It is worth noting that the preventive services that primary care physicians deliver most often are the A recommendations. In our study, these services required approximately 2 hours per day, or about 25% of allotted patient care time. In light of the 11% of allotted patient care time that Rafferty found physicians spending on prevention, evidently even the A service recommendations are not being achieved. However, it does appear that physicians focus on these services, owing to time restraints, the efficacy of the screening tests, and patient interest. The decision may also be linked to insurance coverage, in that services not covered may be provided less often. Providing the B services raises the time requirements to encompass almost all available time spent in patient care; not surprisingly, national reports show poor compliance with these recommendations.5 Physicians are being forced to make choices about preventive services on a case-by-case basis, implicitly weighing the clinical efficacy of the service and the other medical needs of the patient. In this dynamic process, a patient’s current medical problems usually take precedence over screening and counseling.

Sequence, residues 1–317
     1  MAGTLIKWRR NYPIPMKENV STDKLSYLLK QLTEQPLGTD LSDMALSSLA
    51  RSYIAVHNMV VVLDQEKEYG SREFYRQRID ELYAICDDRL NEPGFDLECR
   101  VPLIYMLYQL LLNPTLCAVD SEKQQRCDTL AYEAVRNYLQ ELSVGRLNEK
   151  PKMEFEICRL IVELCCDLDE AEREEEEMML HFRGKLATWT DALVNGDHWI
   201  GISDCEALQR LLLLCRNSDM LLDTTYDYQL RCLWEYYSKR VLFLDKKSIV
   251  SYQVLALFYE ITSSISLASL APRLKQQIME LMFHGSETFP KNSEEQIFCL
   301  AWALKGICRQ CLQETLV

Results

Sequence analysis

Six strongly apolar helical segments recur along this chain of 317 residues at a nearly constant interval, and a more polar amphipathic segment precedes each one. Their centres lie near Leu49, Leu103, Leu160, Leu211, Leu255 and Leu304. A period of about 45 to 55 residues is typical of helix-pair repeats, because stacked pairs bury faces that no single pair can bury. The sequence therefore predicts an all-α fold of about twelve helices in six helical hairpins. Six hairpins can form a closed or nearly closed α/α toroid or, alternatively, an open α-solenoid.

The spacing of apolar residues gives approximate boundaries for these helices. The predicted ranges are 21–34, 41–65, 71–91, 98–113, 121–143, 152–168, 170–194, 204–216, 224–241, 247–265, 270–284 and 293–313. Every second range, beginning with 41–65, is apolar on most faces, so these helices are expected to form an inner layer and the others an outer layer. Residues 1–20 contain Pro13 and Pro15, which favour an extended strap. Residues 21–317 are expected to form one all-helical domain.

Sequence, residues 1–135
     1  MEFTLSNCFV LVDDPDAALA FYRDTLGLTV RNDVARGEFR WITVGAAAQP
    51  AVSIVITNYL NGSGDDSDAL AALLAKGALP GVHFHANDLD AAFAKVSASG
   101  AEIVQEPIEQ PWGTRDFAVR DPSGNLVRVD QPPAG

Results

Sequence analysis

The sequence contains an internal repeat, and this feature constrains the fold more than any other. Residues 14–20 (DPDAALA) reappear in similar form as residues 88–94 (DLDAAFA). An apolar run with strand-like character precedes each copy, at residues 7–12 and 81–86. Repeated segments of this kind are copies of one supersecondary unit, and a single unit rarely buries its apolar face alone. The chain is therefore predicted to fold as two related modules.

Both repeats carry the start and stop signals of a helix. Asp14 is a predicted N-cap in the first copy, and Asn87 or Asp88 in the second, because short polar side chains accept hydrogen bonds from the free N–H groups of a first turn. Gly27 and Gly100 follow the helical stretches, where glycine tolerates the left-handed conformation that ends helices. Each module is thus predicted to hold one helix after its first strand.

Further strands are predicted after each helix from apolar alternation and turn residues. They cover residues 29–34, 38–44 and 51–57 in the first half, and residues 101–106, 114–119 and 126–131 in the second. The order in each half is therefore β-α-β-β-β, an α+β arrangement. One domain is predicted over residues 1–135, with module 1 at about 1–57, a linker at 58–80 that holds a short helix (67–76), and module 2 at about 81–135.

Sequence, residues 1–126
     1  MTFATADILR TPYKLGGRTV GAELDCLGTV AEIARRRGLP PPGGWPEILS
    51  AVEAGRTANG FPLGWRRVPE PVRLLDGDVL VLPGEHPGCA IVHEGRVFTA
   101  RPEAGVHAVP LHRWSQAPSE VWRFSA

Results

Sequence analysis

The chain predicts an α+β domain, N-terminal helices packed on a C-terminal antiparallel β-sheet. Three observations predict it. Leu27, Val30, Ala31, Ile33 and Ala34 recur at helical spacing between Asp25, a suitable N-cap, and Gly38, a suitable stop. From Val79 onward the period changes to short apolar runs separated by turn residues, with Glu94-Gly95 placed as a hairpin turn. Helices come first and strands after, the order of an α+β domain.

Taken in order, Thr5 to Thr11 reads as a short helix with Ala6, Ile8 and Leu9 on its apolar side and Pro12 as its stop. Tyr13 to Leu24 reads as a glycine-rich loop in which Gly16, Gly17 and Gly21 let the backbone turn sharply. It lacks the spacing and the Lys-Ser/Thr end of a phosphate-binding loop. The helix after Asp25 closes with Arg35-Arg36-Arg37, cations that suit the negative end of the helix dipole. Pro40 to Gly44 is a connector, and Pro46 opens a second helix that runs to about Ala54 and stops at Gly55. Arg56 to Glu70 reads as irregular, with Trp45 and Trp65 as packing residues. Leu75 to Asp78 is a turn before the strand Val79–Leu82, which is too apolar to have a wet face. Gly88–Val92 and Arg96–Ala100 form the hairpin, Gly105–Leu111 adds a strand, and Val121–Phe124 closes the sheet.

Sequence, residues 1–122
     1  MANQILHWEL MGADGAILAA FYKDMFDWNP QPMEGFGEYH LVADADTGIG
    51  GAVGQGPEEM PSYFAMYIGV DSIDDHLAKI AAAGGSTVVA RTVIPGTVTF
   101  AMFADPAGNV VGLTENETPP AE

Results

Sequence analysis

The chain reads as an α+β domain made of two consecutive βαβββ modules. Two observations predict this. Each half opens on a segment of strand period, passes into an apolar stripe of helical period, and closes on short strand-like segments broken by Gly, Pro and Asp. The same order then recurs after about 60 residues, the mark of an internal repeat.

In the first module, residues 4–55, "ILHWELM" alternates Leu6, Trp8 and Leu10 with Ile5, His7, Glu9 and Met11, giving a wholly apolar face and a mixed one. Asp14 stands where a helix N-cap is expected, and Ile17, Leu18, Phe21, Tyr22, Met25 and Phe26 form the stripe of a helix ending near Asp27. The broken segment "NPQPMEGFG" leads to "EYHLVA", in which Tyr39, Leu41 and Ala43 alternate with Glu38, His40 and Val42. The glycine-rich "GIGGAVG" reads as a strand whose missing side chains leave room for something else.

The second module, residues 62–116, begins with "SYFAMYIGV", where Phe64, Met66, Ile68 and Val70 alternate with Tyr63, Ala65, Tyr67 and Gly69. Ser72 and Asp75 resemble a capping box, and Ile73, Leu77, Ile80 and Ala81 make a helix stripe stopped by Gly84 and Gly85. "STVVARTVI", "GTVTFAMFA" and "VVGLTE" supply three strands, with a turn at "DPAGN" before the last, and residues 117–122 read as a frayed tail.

Our study was limited by our inability to find direct measures of the time needed to perform some procedures or to counsel a patient for certain conditions. Although we were able to find time estimates for most screening tests and the major counseling issues, often these times were not direct measures of the time needed, but expert opinion or national recommendations.